Help us create a biggest collection of medieval chronicles and manuscripts on line.
#   A   B   C   D   E   F   G   H   I   J   K   L   M   N   O   P   Q   R   S   T   U   V   W   X   Y   Z 
Medieval chronicles, historical sources, history of middle ages, texts and studies

ROGER OF WENDOVER Flowers of history. The history of England from the descent of the saxons to A.D. 1235. vol.2


Sir John Froissart's Chronicles of England, France, Spain and the Ajoining Countries from the latter part of the reign of Edward II to the coronation of Henry IV in 12 volumes 

Chronicles of Enguerrand De Monstrelet (Sir John Froissart's Chronicles continuation) in 13 volumes 

  Previousall pages


Flowers of history. The history of England from the descent of the saxons to A.D. 1235. vol.2
page 185

184 ROGER OF WE.NDOVER. [A.D . 1199. The French kingdom is laid under interdict. About this timo, Poter of Capua, a cardinal and legate of the apostolic see, laid the kingdom of France under an interdict, on account of the imprisonment of his brother Peter de Douay, bishop-elect of Cambray; but the king of the French released the said bishop-elect before the sentence was withdrawn. In the same year, too, the same legate came to the king of the English and demanded, under pain of interdict, the release of the bishop of Beauvais, who had now been most cruelly detained in prison for two years, and the king's free permission for that prelate to depart ; but since the said bishop had, in disregard of the dignity of his order, been taken in arms like a soldier or routier, h e was not allowed to depart before be bad satisfied the rapacity o f the king by paying six thousand marks of silver sterling weight into bis treasury; after which the said bishop swore that h e would never again during his life carry arms against the Christians. Of the decision of the old cause between the churches of Tours and Dot. In this year a very old eause between the churches of Tours and Dol, was decided at Koine by a definitive decree of pope Innocent ; the archbishop of Tours requiring submission from the bishop of Dol, and the bishop o f Dol opposing it. The church of Dol was the head of Cesser Brittany, and the high priests of that church, as well as all the other prelates of Lesser Brittany, had in the time o f St. Martin, and before and long since that time, been suffragans of the church of Tours, but they afterwards revolted from their allegiance to that church; the reason of which was this. When the English came into the Greater Britain to subdue it, and Uterpendragon, king of the Britons, being taken seriously ill, was confined to his bed at Wrttlailliuin, so that he was able neither to help himself nor to defend his kingdom again-t the rage of the barbarians of tie' country, the superstition of the English (Saxons) is said to have prevailed to such an extent, that the whole island almost was laid waste from sea to sea, and the holy churches levelled to the ground. On this, the pontiffs and prelates of the churches, seeing the desolation of the country and the subversion of the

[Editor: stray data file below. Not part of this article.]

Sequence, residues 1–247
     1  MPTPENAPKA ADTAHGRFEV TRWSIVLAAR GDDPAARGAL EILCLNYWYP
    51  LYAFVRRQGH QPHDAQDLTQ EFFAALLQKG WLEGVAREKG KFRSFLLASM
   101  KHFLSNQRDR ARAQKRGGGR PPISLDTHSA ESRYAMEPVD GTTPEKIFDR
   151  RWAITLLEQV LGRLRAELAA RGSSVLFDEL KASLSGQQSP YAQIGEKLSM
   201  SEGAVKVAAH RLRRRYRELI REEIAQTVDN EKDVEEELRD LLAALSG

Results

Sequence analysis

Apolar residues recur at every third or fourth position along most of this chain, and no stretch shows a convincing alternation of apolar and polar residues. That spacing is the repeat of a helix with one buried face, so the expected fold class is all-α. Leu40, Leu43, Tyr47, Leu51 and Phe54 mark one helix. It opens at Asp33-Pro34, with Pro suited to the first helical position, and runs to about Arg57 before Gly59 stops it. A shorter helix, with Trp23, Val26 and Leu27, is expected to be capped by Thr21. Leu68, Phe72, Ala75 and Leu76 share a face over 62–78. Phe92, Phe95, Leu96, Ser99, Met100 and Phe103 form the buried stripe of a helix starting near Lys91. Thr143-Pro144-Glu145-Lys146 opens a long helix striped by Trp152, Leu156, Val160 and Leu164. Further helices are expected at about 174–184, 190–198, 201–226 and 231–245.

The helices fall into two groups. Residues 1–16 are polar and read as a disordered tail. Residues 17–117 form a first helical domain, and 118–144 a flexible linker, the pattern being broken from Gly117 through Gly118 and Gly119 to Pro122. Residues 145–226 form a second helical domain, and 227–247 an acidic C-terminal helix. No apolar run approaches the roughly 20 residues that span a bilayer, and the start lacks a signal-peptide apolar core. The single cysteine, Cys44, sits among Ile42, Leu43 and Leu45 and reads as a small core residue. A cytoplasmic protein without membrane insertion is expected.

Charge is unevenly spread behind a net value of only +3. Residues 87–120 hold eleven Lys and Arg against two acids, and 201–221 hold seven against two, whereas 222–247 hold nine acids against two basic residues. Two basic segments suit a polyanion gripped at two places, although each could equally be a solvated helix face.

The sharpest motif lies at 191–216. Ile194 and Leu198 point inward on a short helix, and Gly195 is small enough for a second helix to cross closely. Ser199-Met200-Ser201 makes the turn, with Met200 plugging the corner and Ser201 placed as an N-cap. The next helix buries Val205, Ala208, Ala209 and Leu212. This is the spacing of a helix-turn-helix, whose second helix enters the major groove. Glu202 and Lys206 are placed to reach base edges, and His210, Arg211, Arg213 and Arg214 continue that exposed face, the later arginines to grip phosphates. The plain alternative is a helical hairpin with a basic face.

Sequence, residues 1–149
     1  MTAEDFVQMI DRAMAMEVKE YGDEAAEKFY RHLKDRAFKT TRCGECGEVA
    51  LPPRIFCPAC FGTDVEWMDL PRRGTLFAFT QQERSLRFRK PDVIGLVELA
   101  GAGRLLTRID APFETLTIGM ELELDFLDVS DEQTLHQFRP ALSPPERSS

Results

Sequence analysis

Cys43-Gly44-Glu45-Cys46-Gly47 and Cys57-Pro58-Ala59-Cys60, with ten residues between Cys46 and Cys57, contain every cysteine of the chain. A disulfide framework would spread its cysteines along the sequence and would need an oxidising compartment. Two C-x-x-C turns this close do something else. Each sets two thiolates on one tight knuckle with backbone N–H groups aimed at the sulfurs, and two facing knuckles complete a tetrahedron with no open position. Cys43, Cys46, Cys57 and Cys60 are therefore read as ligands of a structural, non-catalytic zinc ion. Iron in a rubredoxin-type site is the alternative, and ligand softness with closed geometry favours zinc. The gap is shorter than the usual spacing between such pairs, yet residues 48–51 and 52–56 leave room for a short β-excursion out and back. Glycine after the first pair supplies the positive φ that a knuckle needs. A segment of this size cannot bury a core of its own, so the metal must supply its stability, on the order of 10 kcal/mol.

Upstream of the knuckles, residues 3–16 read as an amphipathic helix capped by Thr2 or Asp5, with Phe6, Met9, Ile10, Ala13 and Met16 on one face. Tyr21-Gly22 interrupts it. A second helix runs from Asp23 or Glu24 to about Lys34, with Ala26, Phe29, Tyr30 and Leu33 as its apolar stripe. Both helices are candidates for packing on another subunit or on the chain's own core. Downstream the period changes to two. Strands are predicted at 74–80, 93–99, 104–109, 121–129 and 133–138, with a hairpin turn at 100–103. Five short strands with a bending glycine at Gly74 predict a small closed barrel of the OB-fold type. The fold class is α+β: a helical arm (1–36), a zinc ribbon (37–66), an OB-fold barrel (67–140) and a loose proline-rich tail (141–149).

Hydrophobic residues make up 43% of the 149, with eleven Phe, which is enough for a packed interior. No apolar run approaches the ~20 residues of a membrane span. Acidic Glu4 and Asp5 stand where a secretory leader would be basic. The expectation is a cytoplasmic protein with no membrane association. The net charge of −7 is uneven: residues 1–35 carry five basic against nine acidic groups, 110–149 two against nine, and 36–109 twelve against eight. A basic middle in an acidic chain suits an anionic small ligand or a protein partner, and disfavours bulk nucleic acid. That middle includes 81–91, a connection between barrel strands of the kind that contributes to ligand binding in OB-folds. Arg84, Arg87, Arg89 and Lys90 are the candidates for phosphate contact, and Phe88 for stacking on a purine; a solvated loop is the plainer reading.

Previous First Next  

"Medievalist" is an educational project designed as a digital collection of chronicles, documents and studies related to the middle age history. All materials from this site are permitted for non commersial use unless otherwise indicated. If you reduplicate documents from here you have to indicate "Medievalist" as a source and place link to us.